Waste-free

Could zero-waste be the new recycling?

By Alaina Boukedes

There’s a new route in conservation called zero-waste, which is a lifestyle that cuts out all concept of waste by utilizing reusable products instead of plastics or disposables. From singles in the city to families in the suburbs, Chicago residents see this new concept as the ultimate step toward sustainability.

In 2012 Mayor Rahm Emanuel announced a blue cart recycling program that collects recyclables from eligible households in Chicago. According to the 2016 Blue Cart collection results, only 9 percent of Chicago’s waste was recycled and the rest was going to a landfill. These statistics concern people like Julie Cahillane, who manages sustainability at Northwestern University through SustainNU.

“Your first step should be reducing [waste] in the first place,” Cahillane said. She commented that many people think recycling is enough, but she added that to really think about environmental impact you should “eliminate before you even create it.”

Celia Ristow changed her attitude about waste by creating Litterless, a lifestyle blog that tracks her journey to zero waste in Chicago. She and her friend Bailey Warren of Zero Waste Chicago promote a community of like-minded people through their online content.

“It’s one thing to care about the environment, it’s another to put your money where your mouth is,” Ristow said.

Both bloggers set up volunteering opportunities around the city to learn about going waste-free and facilitate community members who want to meet each other.

“I think it’s easy if you have the resources,” Ristow said about the inspiration for her blog. Since she started Litterless, she’s cultivated a small community in Chicago to swap tips and tricks to maintaining a zero-waste lifestyle.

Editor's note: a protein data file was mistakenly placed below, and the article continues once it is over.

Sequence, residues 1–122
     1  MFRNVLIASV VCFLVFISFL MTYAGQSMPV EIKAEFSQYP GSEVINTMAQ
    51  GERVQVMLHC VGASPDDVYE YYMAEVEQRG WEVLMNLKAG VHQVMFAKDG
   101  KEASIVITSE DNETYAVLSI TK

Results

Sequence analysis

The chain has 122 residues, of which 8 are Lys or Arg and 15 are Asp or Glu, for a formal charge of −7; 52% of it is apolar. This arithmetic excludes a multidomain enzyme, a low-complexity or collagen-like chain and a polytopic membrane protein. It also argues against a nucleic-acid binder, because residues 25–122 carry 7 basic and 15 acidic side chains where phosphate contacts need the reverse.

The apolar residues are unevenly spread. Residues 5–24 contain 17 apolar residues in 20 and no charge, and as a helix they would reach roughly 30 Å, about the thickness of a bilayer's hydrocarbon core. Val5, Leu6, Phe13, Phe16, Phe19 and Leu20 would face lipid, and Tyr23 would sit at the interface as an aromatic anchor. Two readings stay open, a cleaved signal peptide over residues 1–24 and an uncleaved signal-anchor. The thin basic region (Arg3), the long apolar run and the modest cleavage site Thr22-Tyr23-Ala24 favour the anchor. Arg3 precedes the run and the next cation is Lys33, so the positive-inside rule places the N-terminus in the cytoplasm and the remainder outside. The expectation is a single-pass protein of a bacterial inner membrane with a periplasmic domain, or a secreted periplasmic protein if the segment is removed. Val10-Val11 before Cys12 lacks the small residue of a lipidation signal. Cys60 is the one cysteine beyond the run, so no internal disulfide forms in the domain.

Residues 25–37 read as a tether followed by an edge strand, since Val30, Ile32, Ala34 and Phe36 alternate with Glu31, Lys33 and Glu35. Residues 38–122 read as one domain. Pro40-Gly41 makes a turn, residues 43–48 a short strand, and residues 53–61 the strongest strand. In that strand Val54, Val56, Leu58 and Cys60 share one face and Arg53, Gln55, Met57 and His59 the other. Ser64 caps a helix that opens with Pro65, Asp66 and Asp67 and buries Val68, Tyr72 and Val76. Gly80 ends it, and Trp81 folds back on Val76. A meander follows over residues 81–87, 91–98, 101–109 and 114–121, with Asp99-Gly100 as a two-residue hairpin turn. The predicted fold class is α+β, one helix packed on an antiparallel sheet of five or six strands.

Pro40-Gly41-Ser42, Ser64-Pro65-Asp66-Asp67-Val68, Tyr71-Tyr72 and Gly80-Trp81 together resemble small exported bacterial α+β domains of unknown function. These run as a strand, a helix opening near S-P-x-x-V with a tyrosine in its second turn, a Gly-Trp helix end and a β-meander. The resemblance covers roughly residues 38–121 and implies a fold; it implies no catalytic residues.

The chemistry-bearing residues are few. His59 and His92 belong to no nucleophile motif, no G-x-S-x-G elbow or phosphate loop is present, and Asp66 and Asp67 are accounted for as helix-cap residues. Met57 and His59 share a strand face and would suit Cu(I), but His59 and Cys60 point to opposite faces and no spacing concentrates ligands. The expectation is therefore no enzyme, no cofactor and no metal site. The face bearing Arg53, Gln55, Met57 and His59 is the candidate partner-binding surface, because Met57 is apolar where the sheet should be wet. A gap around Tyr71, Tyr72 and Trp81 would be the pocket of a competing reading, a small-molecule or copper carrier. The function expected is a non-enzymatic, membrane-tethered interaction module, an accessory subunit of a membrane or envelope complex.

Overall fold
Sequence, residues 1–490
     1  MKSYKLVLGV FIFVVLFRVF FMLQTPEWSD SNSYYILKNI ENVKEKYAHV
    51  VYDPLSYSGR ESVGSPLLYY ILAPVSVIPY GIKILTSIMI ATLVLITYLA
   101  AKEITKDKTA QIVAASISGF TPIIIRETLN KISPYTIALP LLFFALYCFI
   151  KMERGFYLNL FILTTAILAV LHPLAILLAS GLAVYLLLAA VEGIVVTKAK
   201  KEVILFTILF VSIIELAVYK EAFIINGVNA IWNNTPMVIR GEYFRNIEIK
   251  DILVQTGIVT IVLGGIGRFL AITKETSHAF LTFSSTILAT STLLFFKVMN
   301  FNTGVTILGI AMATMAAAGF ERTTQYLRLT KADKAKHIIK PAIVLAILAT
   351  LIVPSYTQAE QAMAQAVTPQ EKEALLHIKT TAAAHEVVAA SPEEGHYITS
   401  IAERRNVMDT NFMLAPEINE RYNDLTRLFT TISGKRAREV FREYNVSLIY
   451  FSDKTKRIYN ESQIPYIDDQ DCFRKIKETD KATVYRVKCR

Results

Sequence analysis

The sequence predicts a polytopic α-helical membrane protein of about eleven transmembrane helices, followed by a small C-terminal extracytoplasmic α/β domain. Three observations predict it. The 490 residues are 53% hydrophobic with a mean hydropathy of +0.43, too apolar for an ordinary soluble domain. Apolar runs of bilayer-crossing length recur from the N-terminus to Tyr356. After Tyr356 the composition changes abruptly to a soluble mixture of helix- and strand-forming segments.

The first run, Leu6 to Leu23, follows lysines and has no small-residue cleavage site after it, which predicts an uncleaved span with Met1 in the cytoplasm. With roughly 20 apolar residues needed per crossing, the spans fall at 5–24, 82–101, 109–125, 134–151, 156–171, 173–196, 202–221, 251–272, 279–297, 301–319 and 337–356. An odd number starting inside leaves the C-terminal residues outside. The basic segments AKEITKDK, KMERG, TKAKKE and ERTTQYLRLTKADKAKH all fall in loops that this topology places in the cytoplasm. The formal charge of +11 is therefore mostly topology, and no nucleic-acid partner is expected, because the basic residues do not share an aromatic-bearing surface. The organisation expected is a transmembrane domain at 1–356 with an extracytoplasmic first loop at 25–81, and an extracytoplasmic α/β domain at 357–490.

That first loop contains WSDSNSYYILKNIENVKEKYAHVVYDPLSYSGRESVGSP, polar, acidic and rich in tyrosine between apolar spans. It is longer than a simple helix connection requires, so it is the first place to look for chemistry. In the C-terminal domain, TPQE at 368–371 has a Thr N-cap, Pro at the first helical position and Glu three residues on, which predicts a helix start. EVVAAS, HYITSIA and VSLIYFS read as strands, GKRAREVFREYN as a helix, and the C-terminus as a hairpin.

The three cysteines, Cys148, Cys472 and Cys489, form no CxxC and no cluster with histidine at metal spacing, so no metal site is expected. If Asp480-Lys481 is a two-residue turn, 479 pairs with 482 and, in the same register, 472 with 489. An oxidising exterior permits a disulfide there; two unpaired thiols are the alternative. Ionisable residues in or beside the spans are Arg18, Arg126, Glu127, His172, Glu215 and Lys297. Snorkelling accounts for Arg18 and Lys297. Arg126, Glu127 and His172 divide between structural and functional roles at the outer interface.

Ristow’s major tips are to start small. “I’m a believer in starting off painless,” Ristow said. Her first major switch was going from plastic bags to cloth bags to go grocery shopping. Then she used glass jars to store food instead of relying on plastic containers.

“It doesn’t have to be perfect to be meaningful,” Warren said. The term “zero” can be daunting to beginners, but Warren and Ristow insist that the effort is only as hard as one makes it.

As the mother of 3-year-old twins, Meg Torres, 35, said she understands this sentiment. Her family is based in Naperville, a western suburb of Chicago. Torres said she was concerned about her family’s dependency on plastic, so she began self-educating herself on the zero-waste lifestyle.

“Plastic is everywhere. In nearly every toy.” Torres said. “Try telling a 3-year-old they cannot have the toy they want because it has plastic.”

Though she struggles with fully transitioning, Torres said she appreciates the online community that surrounds the zero-waste lifestyle. She found a majority of her research on blogs and forums and tries to instill those zero-waste concepts in her children by teaching them about recycling and composting.

“I want my kids to see and learn about being a positive global citizen,” Torres said.

Photo at top: Bailey Warren uses glass jars as an easy switch from plastic packaging. (Alaina Boukedes/MEDILL)